Have you heard about Fiverr, “The place for people to share things they’re willing to do for $5”? If you’ve ever wondered what the five-dollar phrase “digital disintermediation” really means, Fiverr is a cyber bazaar full of answers.
“Disintermediation” is what happens whenever a buyer of something can transact directly with the seller of the thing, cutting out distributors, brokers, retailers, and other middlemen. Historically, digital technologies have been rough on intermediaries—just look at this list of occupations said to have been swept away by the “digital typhoon.” (It includes, we think erroneously, “Printing-press makers.”)
Fiverr is all about hooking up people like you and me with other people like you and me who have “gigs”—services or products—to sell for a five-spot. It’s simple. Find something you like, read the blurb, press the order button, and buy. You pay for the gig when the seller successfully delivers the goods. Fiverr keeps $1, turns $4 over to the seller, and updates his or her performance rating based on buyer feedback. (Read a more detailed description here.)
What kinds of gigs can you commission for $5 at Fiverr? A guy calling himself deepmalevoice will record a George W. Bush vocal impersonation for up to 100 words of text that you supply. If you like the French horn, caseyfriday will play the movie theme or song of your choice on that sonorous instrument. “I will do clear voice overs in my London Accent for $5,” offers londinium. Think of all the out-of-the-loop talent agents, concert promoters, and advertising agencies wailing and gnashing their teeth. You get the idea.
But if you’re in need of something a bit more practical—say, graphic communications services—on a $5 budget, Fiverr’s grab-bag might be a resource worth poking around in. That’s what makes it a valid if out-of-left-field commentary on what digitization has done, over time, to certain occupations and professions within the printing industry.
First off: nothing in Fiverr seems likely to threaten printers with disintermediation. After all, nobody gigging in the $5 range is likely to own a printing press. But when it comes to graphic design, photography, image editing, and basic prepress tasks, the site is one long catalog of disenfranchisement. It’s a somewhat jarring reminder of the extent to which universally available digital tools have de-professionalized work that, once upon a time, was obtainable only from specialists charging much, much more than a fin.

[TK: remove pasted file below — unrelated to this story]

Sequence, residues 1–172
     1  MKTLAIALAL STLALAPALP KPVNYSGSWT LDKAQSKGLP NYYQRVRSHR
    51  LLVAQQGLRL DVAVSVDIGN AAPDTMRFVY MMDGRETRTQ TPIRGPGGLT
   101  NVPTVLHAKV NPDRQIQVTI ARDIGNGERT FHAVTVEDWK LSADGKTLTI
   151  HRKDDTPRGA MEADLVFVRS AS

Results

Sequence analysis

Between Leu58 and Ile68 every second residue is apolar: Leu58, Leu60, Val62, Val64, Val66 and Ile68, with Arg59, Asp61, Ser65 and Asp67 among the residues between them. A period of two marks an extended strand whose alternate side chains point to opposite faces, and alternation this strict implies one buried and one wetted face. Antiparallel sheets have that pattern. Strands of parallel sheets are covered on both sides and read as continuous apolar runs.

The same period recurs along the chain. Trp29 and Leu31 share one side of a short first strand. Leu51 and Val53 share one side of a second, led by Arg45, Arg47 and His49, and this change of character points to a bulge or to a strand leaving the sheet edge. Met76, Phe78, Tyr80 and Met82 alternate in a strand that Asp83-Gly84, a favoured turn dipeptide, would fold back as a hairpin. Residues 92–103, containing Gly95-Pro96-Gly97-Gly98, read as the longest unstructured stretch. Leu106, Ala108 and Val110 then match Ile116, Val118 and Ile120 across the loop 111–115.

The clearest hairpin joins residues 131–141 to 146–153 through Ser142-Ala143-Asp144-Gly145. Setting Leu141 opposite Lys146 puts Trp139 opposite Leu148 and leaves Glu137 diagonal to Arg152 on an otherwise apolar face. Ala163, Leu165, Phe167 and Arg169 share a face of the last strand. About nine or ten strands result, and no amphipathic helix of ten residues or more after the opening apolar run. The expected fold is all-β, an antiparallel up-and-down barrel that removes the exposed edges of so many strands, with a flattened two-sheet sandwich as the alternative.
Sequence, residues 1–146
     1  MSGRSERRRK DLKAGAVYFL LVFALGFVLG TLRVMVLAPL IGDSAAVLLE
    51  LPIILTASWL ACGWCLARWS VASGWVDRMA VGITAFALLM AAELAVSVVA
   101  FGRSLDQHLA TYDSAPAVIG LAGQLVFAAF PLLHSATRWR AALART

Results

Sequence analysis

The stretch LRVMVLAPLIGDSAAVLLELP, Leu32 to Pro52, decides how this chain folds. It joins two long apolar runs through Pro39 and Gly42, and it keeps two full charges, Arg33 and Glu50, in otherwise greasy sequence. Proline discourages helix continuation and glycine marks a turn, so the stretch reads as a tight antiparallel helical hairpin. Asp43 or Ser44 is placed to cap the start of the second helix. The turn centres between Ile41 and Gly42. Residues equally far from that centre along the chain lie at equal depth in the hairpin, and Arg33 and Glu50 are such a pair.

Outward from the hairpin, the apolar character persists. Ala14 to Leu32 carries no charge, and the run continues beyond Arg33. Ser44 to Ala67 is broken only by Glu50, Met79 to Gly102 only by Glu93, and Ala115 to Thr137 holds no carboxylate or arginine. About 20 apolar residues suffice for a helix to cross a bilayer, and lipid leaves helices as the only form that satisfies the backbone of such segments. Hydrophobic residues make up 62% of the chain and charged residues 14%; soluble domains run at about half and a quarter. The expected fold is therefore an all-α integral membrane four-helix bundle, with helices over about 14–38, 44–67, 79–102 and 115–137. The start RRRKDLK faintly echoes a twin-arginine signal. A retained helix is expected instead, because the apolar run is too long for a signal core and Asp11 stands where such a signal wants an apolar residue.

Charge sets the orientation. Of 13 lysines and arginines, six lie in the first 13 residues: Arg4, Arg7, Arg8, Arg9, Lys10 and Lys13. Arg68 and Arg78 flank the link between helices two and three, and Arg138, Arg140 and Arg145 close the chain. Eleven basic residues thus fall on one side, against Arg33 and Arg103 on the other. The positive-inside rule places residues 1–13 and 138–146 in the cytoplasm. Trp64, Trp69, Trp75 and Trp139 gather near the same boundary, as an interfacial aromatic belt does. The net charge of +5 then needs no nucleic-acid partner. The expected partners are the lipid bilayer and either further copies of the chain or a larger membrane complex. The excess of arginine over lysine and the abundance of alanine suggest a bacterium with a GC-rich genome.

Try searching for “graphics” in the gig listings. You will get, among 8,523 offerings: “I will make an image of your label on any packaging for $5” (lampostjohny19). “I will design a cover for your book and will send you the hi res pic for $5” (vlanilla). “I will professionally edit one photo of your choice for $5” (mikaj115). “I will make a custom 3d box for your software for $5” (idascalu). And, one that probably says it all: “I will do any type of graphic editing for $5” (ladyluck7711, hopefully well named). The keywords “InDesign,” “Photoshop,” ”layout,” and “print” tell the same story when searched: one of skills democratized, traditional workflows unraveled, job boundaries eradicated, and procurement relationships forever changed.
In their way, these gigs at Fiverr are the cosmic aftermath—the residual radiation—of the cataclysm that obliterated trade typography shops, photo engravers, prepress service bureaus, and their personnel once desktop publishing tools began to replace the high-end solutions. On the other hand, the abundance of graphics-related Fiverr gigs partially explains why printers now can obtain files from their customers without the supply-chain complications and the delays that used to come with the territory in prepress. Today, there are simply a lot more people who are empowered to create the digital raw materials that printers work with, and they stopped needing middlemen a long time ago.
It could be objected that Fiverr sellers are amateurs and that the quality of their work is worth not a cent more than the small fee they charge. But, the quality of the work isn’t the issue. Not because quality doesn’t matter, but because in the context of Fiverr, “quality” is whatever buyer feedback says it is—the definition doesn’t come from trade customs, ISO protocols, or industry best practices. In Fiverr’s world, all of that has been disintermediated along with the professional job descriptions that used to apply.
Suggestion: spend some time investigating graphics at Fiverr, if only for an offbeat perspective on how radically our conception of the business of graphic communications has changed. Caution: if you stray off the topic of graphics, you may find browsing the other gigs an addictive time-waster.
It may occur to you to ask, “If people are willing to do all of this stuff for $5, what in heaven’s name would they do for $10?” Find out at Tenbux or, for those in the U.K., Ttenner. Got $25 to spend? goferr is the place to take that amount of leafy green.
If there are what-would-you-do-for-$X exchanges in higher denominations than that, we couldn’t find any.